Satya Nadella, the chief executive officer (CEO) of Microsoft started his keynote at the Ignite 2023 event on November 15 with a light-hearted quip about pulling an all-nighter for Cricket World Cup semifinal, which happened on the same day. What followed was a range of announcements, largely pertaining to the company’s work and launches in the artificial intelligence domain.
Here are some of the major highlights:
One of the most important announcements made at the event was the launch of Microsoft Azure Maia and Microsoft Azure Cobalt — the two company-designed chips optimised for AI. Maia is an AI accelerator chip designed to run cloud-based training and inference for workloads like OpenAI models, Bing, and GitHub Copilot. Cobalt, on the other hand, is a cloud-native chip based on Arm architecture for general-purpose workloads and optimised for performance, efficiency, and cost. Microsoft also announced the general availability of Azure Boost for storage and faster networking.
Extending the ‘Copilot experience’
“We believe in the future there will be a Copilot for everyone and for everything you do,” says the Microsoft Ignite announcement blog. In this spirit, the company said that it is extending its Copilot offerings across solutions for the benefit of every role and function, in including office workers, front-line workers, developers, and IT professionals. Some of the Microsoft Copilot-related updates and announcements include — Microsoft Copilot for Service to offer support for role-based support; Copilot in Microsoft Dynamics 365 Guides; new Microsoft Copilot Studio for organisations to build their own copilots from scratch or adapt out-of-the-box copilots.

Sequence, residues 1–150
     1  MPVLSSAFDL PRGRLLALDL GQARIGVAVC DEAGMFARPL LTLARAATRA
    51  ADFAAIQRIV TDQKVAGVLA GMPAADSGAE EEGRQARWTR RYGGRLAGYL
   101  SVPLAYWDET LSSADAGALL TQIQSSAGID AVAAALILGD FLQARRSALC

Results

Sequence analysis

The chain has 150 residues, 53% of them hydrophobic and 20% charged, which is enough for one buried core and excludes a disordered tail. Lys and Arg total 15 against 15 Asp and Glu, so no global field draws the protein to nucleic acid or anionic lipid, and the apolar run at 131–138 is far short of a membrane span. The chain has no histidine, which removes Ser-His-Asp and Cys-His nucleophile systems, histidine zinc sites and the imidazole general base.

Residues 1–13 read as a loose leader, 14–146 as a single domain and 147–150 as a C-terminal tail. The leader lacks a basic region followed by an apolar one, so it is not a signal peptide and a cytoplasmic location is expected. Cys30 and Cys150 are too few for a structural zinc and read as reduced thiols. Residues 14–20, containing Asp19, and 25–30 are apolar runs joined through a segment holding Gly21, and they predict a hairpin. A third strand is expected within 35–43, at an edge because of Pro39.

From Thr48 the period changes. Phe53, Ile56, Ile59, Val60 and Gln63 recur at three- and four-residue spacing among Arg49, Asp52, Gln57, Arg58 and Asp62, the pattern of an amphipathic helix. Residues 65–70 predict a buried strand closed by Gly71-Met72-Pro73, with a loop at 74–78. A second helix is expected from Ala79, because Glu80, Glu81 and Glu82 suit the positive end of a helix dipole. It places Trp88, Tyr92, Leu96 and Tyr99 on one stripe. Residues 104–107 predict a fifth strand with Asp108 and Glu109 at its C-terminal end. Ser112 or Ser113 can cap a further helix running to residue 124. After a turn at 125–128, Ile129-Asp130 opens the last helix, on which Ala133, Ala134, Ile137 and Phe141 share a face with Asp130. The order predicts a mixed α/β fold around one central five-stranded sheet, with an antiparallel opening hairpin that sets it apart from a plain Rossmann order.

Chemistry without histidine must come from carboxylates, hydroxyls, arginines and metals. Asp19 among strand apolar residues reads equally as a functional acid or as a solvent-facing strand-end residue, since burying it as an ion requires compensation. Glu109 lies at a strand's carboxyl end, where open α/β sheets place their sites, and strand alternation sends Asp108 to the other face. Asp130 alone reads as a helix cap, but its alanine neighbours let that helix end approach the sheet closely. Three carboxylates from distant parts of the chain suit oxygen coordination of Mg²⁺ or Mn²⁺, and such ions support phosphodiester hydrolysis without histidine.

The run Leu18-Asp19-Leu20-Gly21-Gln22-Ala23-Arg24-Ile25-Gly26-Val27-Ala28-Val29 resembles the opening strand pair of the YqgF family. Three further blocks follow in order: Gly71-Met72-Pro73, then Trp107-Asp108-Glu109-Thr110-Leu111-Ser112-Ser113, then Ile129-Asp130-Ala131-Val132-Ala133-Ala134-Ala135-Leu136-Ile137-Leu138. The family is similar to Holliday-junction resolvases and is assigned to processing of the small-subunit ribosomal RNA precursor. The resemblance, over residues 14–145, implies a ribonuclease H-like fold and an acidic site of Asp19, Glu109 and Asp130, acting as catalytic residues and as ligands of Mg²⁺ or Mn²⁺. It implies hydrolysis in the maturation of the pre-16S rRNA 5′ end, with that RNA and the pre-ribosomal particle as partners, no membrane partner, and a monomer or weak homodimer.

Nvidia AI Foundry service
Nvidia will now run its AI foundry service on Azure to help enterprises and startups for the development, tuning, and deployment of custom AI models. The Nvidia AI foundry service has a collection of foundational models, NVIDIA NeMo framework and tools, and NVIDIA DGX Cloud AI supercomputing and services. This suite of products and solutions will help enterprises in creating custom generative AI models. Businesses can then deploy their models with NVIDIA AI Enterprise software on Azure to power generative AI applications.
Microsoft demonstrated the preview of Azure AI Studio — a unified and trustworthy platform for organisations to build, test, and deploy AI apps. Using this platform, developers/firms can build their own copilots, and train their own or ground third-party foundational apps using proprietary data. Further, the company has made Vector Search, a feature of Azure AI Search, general available for enterprise generative AI applications.
GPT-4 Turbo, which was announced by OpenAI at its first ever developer conference this month, will be available in public preview in Azure OpenAI Service by end of November 2023, while the GPT-3.5 Turbo model with a 16K token prompt length is now generally available.
Microsoft has now expanded the Copilot Copyright Commitment (CCC) to customers using Azure OpenAI Service and will be called Customer Copyright Commitment. Under this, the company has published new documentation to help Azure OpenAI Service customers to mitigate the risk of infringing content.